This is founded on the determination by Sobral (2013, p. 65) that organizations are increasingly concerned about the environmental aspect of their production activities. In this case, there has been an assertion that it is natural in the lean concept, its constant focus on systematic reduction of wastes and its intrinsic value-stream fits well with the wider strategy of environmental protection (Miller, et.

al. , 2010, p. 14). Other benefits of LM include enhanced knowledge management, less rework, financial savings, and elevated process understanding (Melton, 2005, p. 663). Most of the above benefits are captured in the subsequent framework.   Figure 1.0: Benefits of ‘ lean’ Source: Melton (2005, p. 663) Lean failures Despite the diverse benefits of LM outlined in the preceding section, this system has some apparent failures. This is evidenced by diverse scholars, for instance, Bhasin et al. (2006) who revealed that only some 10% or less of companies in the United Kingdom succeed in the process of implementing TPM and other LM practices.

Some of these failures are outlined in the subsequent analysis.

References

Anvari, A., 2011, ‘Evaluation of Approaches to Safety in Lean Manufacturing and Safety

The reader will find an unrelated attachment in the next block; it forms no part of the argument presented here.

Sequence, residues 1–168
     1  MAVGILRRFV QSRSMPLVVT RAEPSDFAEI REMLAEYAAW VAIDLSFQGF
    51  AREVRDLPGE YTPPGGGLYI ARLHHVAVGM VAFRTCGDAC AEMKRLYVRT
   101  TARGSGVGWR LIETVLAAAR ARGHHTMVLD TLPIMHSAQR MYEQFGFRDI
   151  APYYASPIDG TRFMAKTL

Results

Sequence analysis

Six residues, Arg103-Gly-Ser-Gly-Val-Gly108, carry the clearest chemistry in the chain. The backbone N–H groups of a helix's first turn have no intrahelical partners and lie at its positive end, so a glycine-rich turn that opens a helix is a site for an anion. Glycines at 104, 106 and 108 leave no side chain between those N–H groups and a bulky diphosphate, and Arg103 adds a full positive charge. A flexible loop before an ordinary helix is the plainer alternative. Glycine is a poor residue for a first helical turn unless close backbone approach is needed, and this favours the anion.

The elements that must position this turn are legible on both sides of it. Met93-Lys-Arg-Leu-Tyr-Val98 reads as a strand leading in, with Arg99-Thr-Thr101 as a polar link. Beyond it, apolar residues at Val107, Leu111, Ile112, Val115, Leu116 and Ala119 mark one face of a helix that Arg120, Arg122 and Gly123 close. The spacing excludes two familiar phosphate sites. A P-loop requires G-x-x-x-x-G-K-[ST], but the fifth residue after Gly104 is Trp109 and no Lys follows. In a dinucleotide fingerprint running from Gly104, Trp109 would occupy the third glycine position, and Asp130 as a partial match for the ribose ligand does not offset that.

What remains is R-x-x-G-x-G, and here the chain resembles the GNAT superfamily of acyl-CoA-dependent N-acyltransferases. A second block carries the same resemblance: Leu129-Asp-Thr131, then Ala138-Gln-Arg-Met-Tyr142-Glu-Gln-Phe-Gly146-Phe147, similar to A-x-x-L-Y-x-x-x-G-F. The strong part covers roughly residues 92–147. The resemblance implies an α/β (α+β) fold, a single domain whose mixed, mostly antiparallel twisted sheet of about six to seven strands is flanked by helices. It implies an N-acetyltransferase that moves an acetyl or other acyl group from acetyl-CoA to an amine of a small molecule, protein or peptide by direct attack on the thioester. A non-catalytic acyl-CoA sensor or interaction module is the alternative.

Management Systems and Clarification of the Relationship Between Them’, World Applied Sciences Journal, Vol. 15, No. 1, pp. 19-26.

Bhasin, S. & Burcher, P. 2006, ‘Lean Viewed as a Philosophy’, International Journal of

Manufacturing Technology Management, Vol. 17, No. 1, pp. 56 -72.

Ferdousi, F. & Ahmed, A., 2009, ‘An investigation of manufacturing performance improvement

through lean production: A study on Bangladeshi garment firms,’ International Journal of Business and Management, Vol. 4, No. 9, pp. 106-114.

Franklin, T., 2004, ‘Changing the climate’, Manufacturing Engineer, Vol. 83, No. 2, pp. 45–47.

Graff, N., 2010, ‘Is Lean Manufacturing to Blame for Toyota’s Woes?’, retrieved 05 June, 2013,

< http://www.todaysmachiningworld.com/is-lean-manufacturing-to-blame-for-toyotas-woes/>.

Liker, J. 2004, The Toyota Way, Madison, WI, McGraw-Hill.

Melton, T., 2005, ‘The benefits of lean manufacturing: What Lean Thinking has to Offer the

Process Industries’, Chemical Engineering Research and Design, Vol. 83, No. A6, pp. 662–673.

Miller, G., et. al., 2010, ‘A case study of lean, sustainable manufacturing’, Journal of Industrial

Engineering and Management, Vol. 3, No. 1, pp. 11-32.